Viren ParmarBakersfield Heart Hospital, USA
Title: Coronary artery disease presenting as intractable hiccups: an unclear mechanism
In the present case study we examine a 66 year old gentleman who presented for a cardiovascular evaluation secondary to chest discomfort, right knee pain, and intractable hiccups. The patient also had pre-existing conditions such as type 2 diabetes and a family history of coronary artery disease. He was referred for an upper gastrointestinal (GI) endoscopy due to his persistent hiccups and later underwent a coronary calcium score study which revealed he was at high risk for future cardiovascular events. Given the noninvasive cardiovascular workup was inconclusive a cardiac catheterization four months after the initial consultation was performed to confirm the patient's suspected diagnosis of occlusive coronary artery disease which revealed that several of the patient's arteries were severely calcified. The patient then successfully underwent a re-vascularization with a drug eluting stent positioned in the mid-segment of the left anterior descending artery (LAD). Our aim was to explore the current body of published literature for similar cases that linked abnormalities of the LAD to intractable hiccups. The proximate mechanism resulting in hiccups had not been found. The cardiac catheterization of the LAD did in fact cause the hiccups to subside in the patient. In conclusion of our literary review we cautioned cardiologists to have a high index of suspicion when treating patients who have cardiac risk factors and present with hiccups.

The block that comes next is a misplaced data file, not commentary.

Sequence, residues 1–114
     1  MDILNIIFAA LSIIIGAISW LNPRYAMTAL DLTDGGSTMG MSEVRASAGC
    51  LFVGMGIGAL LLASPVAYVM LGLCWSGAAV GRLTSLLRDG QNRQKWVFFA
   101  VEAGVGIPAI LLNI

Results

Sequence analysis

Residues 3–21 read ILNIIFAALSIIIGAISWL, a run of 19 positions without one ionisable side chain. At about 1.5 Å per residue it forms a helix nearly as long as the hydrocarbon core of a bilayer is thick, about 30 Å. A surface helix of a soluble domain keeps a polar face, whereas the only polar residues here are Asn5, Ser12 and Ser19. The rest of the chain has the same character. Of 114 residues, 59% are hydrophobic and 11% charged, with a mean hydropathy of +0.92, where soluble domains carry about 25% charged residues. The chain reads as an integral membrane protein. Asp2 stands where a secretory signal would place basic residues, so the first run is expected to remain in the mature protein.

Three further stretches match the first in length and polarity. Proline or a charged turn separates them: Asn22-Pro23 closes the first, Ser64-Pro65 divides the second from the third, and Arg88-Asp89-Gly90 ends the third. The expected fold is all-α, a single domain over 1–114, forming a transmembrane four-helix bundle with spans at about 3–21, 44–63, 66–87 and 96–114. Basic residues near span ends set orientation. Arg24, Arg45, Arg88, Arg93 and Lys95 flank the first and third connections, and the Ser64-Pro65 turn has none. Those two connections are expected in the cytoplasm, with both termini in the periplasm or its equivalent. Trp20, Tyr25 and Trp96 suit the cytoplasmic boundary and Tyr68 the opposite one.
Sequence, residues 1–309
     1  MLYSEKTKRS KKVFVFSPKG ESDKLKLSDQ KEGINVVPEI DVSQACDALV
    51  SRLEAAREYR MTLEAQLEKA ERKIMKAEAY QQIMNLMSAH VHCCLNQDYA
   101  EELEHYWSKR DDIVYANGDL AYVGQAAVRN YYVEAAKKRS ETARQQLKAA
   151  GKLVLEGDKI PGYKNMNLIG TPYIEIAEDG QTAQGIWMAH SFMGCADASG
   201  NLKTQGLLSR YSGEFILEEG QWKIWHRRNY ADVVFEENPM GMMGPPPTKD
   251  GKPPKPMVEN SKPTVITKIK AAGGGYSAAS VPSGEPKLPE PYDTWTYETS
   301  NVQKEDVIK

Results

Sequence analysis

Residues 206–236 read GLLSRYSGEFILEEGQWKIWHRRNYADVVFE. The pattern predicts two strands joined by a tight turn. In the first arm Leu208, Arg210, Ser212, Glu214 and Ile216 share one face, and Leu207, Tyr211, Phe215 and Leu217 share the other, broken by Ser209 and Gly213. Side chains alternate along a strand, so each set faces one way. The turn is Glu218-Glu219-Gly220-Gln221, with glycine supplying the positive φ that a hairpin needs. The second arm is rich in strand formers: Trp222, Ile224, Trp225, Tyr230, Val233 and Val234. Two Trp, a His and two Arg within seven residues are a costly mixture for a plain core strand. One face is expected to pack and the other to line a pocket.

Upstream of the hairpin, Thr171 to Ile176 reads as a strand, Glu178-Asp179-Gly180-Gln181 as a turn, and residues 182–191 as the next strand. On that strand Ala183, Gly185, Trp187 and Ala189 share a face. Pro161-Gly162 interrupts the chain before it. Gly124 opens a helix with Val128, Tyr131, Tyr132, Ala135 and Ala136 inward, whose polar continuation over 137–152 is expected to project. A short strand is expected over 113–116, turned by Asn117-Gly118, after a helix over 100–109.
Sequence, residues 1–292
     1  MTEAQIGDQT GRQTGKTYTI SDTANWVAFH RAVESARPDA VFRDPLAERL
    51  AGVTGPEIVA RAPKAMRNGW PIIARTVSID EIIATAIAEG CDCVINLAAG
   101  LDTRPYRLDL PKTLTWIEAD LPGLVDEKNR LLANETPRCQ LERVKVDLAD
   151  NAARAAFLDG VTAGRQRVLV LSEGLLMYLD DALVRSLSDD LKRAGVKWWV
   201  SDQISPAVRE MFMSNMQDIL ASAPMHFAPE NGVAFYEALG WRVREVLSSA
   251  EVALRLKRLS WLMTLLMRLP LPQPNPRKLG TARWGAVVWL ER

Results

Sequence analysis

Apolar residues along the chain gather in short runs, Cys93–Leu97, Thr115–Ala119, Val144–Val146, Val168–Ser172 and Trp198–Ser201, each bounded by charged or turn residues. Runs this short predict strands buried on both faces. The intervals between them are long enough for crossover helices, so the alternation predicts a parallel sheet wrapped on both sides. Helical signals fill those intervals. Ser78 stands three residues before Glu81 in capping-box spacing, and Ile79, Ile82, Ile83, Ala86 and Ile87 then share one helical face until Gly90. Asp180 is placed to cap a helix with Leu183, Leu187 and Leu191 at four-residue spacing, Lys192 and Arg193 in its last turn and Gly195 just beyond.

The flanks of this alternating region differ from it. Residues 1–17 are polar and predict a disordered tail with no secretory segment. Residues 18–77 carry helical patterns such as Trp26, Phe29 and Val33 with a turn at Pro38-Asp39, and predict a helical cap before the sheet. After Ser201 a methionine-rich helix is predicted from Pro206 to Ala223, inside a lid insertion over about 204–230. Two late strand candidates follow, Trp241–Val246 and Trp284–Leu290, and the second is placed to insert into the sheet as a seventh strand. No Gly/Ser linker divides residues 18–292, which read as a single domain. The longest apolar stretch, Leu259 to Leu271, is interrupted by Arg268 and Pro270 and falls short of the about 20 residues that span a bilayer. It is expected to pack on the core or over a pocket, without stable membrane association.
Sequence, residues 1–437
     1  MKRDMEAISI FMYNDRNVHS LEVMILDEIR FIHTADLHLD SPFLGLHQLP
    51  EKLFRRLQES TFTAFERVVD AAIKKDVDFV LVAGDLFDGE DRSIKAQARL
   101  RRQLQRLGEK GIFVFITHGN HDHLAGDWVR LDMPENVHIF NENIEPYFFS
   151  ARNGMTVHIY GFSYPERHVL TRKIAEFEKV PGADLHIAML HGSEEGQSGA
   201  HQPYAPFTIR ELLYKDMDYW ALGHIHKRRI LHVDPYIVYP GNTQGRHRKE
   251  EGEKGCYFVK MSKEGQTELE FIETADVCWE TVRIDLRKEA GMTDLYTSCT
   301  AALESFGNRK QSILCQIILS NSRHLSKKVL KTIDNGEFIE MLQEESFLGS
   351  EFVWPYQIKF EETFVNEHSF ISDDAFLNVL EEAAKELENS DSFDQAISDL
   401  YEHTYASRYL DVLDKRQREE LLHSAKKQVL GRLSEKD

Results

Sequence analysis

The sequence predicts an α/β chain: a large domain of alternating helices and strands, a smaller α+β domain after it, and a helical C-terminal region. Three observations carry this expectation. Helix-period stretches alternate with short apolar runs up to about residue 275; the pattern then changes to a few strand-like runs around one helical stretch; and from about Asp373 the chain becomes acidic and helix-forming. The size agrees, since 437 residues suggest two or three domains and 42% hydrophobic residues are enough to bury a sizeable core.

Viren Parmar has obtained BS degree in Human Biology from USC, MS in Global Medicine from Keck School of Medicine of USC. He is the Founder of the startup CHII. He is in clinical trial research for HIV medications as well as Cardiology research at USC and Bakersfield Heart Hospital